It's impressive, given that the movement, the industry, the scene—whatever you want to call it—is still fairly young. Ever since the design collective and boutique Seaplane was founded in 2000, there's been a slow but steady rise of nascent designers in this city. It's not necessarily because of schooling or because larger apparel-industry biggies like Nike and Adidas nest here. It's because, to steal a phrase from our state's Brand Oregon campaign, we love dreamers. The PDX creative class, once dominated by architects, artists and graphic designers, now includes indie fashion designers.
Our local designers—individuals like sustainable designer Anna Cohen, Adam Arnold, and Jess Beebe of Linea—are running small businesses to design and produce fashion, and clearing a path for more PDX-ers to do the same each year.
But now that the 6-year-old scene's incubation period is ending, Portland's fashion world is experiencing some adolescent growing pains. Case in point: PDX designers have stitched themselves into two rival camps to show their fall '06 lines. The Collections is a group of fashion shows put on by a dozen of the usual, well-known suspects, including Church + State and former WW fashionista and The English Dept. co-owner Elizabeth Dye. Challenging the Collections is PFW '06, which features the likes of sportswear apparel line WeMa and Sofada this October. Why two separate fashion fests? Scuttlebutt claims it's either deliberate co-snubbing or plain bad planning. PFW co-creator Chris Cone says his camp started "too late in the year" to accommodate all the designers.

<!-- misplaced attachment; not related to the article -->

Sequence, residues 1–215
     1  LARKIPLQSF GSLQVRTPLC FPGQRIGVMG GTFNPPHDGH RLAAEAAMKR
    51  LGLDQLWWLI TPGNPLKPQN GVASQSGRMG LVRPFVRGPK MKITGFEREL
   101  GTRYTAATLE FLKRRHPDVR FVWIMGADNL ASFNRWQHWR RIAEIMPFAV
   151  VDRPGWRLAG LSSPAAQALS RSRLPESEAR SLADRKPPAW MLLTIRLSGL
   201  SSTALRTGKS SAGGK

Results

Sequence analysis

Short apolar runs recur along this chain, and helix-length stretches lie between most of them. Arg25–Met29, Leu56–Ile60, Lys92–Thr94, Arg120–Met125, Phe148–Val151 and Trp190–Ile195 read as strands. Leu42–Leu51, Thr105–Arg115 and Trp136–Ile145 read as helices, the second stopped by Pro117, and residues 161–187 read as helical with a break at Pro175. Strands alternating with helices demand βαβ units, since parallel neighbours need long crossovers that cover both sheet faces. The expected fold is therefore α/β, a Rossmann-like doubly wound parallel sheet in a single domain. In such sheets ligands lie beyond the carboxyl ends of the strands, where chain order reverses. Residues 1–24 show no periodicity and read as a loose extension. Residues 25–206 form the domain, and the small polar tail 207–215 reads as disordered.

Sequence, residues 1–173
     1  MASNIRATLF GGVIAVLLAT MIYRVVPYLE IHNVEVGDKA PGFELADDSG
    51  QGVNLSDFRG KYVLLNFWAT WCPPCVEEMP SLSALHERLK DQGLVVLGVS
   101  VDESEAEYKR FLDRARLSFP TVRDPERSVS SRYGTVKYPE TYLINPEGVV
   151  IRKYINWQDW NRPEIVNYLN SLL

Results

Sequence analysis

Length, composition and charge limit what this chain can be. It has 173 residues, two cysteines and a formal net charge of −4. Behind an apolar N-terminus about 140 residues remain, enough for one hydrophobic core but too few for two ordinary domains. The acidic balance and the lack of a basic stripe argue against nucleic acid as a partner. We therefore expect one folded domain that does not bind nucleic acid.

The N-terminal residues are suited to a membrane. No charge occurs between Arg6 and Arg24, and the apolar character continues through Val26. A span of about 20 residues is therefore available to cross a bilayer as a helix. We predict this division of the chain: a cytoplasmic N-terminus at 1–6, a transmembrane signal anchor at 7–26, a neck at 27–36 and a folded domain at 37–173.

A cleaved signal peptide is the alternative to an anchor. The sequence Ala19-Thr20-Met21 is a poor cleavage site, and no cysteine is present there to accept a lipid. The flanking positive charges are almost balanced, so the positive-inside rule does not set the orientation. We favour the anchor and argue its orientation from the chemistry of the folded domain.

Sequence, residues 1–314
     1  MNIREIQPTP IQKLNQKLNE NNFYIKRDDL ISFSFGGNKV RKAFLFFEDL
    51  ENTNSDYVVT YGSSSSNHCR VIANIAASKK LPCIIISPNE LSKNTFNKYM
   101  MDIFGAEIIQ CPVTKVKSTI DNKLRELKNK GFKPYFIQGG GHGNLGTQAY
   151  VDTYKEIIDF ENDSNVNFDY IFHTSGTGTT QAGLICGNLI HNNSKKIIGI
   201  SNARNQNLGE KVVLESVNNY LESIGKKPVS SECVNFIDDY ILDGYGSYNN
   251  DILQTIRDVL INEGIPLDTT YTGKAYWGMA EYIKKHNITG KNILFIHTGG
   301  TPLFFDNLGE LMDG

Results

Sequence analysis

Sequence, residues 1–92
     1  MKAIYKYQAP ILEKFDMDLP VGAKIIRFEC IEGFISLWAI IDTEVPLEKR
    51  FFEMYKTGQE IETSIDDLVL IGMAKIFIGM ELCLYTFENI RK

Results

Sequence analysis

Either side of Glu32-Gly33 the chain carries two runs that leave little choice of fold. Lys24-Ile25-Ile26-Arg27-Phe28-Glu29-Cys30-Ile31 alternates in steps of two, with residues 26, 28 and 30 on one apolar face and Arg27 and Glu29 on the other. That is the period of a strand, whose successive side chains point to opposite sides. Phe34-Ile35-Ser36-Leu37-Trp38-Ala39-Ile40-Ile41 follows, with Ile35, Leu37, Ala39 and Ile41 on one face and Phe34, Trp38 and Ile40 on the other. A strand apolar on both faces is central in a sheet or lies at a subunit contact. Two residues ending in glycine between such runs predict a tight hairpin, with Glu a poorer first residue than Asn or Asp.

The strain on this easygoing community started to show this spring. City Club uncovered a sore spot in March when it hosted a round-table discussion about the possibility of a legitimate Portland clothing industry. A large group of local designers asked itself: Do we have the chops to grow up and transition from "scene" to "industry"—and be successful?
The answer was...well, maybe. But the definition of success for Portland fashion is murky. It may mean that our city's creations join the ranks of those coming out of New York and L.A. It could mean that Portland creates a style niche, like eco-fashion, or a definitive "PDX look." Or maybe success means designers make enough money to survive without second jobs.
Post-round-table, Portland designer Thomas Liddy, who has worked with Nike and Levi's, shared his pattern for success: "I think that the grass-roots fashion movement here needs to get its shit together," he says. "They need press, agents and some visibility."
Portland's already flown a few flags on the fashion map. Sofada showed at New York's Fall Fashion Week 2006. Anna Cohen's bamboo dress recently scored the cover of Women's Wear Daily, a major industry must-read. Local line Church + State was a finalist in Gen Art's 2006 Styles International Design Competition for women's ready-to-wear. We're visible.
Lisa Radon, editor-in-chief of local design and fashion site ultra (ultrapdx.com), argues that success is already here. "I think it's more interesting and important to think whether [shoppers] will keep apparel money [in Portland]. Will you spend it on a Gucci jacket or will you spend it on an Adam Arnold coat? It's already happening...Portland is becoming." In a way, the existence and growth of her site is proof: Radon has lots to write about—and she's got advertisers.
But what Liddy was gunning for that day in March was a shift in thinking: In order to sail past the homegrown stage, where bedroom-bound designers sew one-off pieces instead of selling full lines of clothing to stores like Barney's, we need quality—in all areas. Local designers are inspired by the street and can pay rent, but in order to be taken seriously as an industry, they need to make big-time changes in three departments.